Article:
Home Preparedness Natural Disasters: How To Survive The First 72 Hours

Natural Disasters: How To Survive The First 72 Hours

Start an Emergency & Disaster Management Degree at American Military University.

By Jeffrey T. Fowler, Ph.D. 
Faculty Member, School of Security and Global Studies, American Military University

Natural disasters seem to be increasing in frequency and severity. We see record snowfalls, major hurricanes, many deadly tornadoes, flooding and massive wildfires. There is much debate as to why these natural disasters are occurring.

There is no debate, however, when it comes to the importance of preparation for a natural disaster. There are two critical components of the first 72 hours after a natural disaster: a survivor mindset and essential life support items.

The Survivor Mindset Provides Strength for Disaster-Related Stress

The survivor mindset is the same spirit that imbued our ancestors with the drive to survive and thrive in a perilous world. Survivor mindset is the rejection of adopting a victim mentality and the acceptance that we can, and will, survive a natural disaster, based on a variety of factors.

We are a nation of instant gratification and convenience. Immediately after a natural disaster occurs, all of the norms we take for granted – safety, security, food and shelter – are often stripped away.

As a retired Army officer and law enforcement official, I can attest to the fact that when a natural catastrophe occurs, the veneer of civilization on human behavior is much thinner than many would suspect. As we saw in Hurricanes Katrina and Sandy, looting and other property crimes tend to spike. This uncivilized behavior can be quite frightening and that is entirely natural.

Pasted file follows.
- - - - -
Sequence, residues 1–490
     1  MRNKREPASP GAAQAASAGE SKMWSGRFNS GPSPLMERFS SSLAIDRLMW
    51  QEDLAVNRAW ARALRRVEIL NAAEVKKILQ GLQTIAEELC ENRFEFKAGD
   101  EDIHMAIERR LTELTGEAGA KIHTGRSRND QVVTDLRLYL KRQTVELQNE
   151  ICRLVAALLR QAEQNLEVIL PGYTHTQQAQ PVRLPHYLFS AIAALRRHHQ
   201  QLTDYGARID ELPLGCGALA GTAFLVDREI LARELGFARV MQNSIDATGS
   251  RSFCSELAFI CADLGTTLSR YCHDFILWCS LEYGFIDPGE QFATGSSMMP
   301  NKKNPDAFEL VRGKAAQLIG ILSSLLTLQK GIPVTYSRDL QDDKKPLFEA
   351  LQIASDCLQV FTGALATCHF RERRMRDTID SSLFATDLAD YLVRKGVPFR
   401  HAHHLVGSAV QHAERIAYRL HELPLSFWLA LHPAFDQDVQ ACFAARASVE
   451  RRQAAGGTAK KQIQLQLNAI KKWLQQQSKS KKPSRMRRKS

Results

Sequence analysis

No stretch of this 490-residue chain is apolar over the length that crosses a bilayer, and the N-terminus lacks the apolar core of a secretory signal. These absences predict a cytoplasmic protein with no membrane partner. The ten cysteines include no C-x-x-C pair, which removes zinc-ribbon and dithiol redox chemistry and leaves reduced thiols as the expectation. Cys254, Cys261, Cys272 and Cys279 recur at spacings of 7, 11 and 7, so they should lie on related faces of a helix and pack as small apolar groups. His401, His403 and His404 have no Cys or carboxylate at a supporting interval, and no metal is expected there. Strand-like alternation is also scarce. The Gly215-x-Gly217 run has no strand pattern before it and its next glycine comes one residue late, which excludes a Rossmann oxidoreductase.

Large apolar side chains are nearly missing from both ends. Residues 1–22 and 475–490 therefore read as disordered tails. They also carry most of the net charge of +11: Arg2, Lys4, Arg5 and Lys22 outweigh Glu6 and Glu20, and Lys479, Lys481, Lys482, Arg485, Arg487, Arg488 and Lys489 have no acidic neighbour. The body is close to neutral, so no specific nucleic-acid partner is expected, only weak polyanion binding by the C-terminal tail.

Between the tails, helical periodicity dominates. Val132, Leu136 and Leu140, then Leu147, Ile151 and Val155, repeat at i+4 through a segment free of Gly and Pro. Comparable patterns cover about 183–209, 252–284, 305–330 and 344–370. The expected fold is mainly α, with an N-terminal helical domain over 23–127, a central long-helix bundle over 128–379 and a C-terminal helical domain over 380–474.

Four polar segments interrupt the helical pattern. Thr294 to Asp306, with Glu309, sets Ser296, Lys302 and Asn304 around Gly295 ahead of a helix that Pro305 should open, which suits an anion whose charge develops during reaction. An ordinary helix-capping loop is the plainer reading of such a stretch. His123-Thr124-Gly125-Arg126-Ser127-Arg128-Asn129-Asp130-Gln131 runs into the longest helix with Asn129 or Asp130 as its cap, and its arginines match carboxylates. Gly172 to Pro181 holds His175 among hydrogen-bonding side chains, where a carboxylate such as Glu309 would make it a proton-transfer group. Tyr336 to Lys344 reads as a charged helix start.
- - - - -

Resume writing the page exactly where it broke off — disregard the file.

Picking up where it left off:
The best way to mitigate the effects of panic is to prepare beforehand. There should be a pre-determined and well-drilled plan to initiate after a disaster occurs.

Preparing a ‘Go Bag’ for a Natural Disaster

When you’re planning for a natural disaster, a “ready bag,” “go bag” or “bug-out bag” is a great starting point. Your go bag should be sturdy and capable of being carried comfortably. It should contain items you will need to sustain you for 72 hours. Each member of the family should have one of these bags.

Many people select high-quality backpacks as go bags. There should also be a go bag in each of your vehicles because a family member could be away from home when a disaster occurs. Depending on the circumstances, he or she might have to shelter in place.

The essentials in a 72-hour go bag are universally familiar: food, water, the means to start a fire, light, communication, shelter, medical supplies, and tools with edges or blades. Other items can be added to suit individual needs and budgets.